Friday, 8 February 2008

two hours of The Lion Dance with non-stop music!!!!!

The Lion Dance was performed at The Jade Condo - where we live - this morning from 10.00am till 12 noon. I have attached photos in the previous two posting's seen below.

Business enterprises often call upon a lion dance troupe to perform at the commencement of something important. It's a Chinese tradition. (There used to be firecrackers too, but they're banned by the Singapore government as a hazard to the public. So much for tradition.) You find a lion dance performed when a new branch or shop is opened. You see lots of them in the days following Chinese New Year, when shops and factories re-open for business after the holidays. The businessmen want to make sure they give an auspicious start to the new trading period.

Lion dance can be broadly classified into two main categories: traditional and free-style.

The traditional lion dance follows an established set of routines while free-style lion dancers have the liberty to create their own routines – such as performing stunts on metal stilts that can go as high as three metres.

During Chinese New Year, most performances are variations of the traditional style.

The most sought after performance during the festive period is known as “plucking the green.”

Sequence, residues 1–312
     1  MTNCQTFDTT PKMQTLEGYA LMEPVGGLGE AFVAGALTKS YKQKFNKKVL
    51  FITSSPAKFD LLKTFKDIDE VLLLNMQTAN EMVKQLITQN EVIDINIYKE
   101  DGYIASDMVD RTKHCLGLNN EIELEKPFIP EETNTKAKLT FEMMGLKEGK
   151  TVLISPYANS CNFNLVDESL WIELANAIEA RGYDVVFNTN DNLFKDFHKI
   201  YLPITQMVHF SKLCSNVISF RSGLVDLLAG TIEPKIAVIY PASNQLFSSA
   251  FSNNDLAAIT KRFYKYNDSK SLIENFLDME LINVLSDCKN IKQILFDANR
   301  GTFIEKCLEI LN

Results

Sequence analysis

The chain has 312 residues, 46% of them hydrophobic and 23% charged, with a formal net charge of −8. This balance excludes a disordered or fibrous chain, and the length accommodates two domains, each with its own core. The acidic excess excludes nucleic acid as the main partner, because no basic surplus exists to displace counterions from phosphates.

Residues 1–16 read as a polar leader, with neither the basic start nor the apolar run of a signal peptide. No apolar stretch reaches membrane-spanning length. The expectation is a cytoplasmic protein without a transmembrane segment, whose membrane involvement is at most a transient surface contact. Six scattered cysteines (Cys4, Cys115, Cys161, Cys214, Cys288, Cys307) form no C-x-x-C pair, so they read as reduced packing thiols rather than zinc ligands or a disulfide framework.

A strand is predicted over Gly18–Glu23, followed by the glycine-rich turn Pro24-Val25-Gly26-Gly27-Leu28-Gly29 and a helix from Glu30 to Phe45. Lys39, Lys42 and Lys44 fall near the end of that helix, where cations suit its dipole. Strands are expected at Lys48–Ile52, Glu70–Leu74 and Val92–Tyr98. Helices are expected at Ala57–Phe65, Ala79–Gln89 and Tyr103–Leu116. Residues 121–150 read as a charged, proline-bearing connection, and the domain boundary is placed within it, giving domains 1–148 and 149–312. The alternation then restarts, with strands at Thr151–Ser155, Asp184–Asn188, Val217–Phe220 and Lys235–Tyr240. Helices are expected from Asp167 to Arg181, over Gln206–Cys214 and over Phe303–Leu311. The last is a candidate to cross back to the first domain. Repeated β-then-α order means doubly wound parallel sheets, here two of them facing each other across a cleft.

Typically, a green leafy vegetable is either hung in the air or placed on the ground for the prop lion to “pluck” and “devour.” Mandarin oranges are placed on the ground for the lion to “devour” as well.

After the lion has “devoured” the vegetable and the oranges, it usually lays on the ground. The performer playing the rear of the lion would have to peel the mandarin oranges and arrange the orange slices to form auspicious Chinese characters. The performer at the rear would then pass the peeled orange skins to his partner playing the head.

Following that, the performer playing the head would then tear the orange peel and vegetable into small pieces and throw them out of the lion’s mouth for a total of three times. As this is considered to be an auspicious ritual, some people refrain from immediately clearing away the pieces of orange skin and vegetable to prevent sweeping away of good luck.

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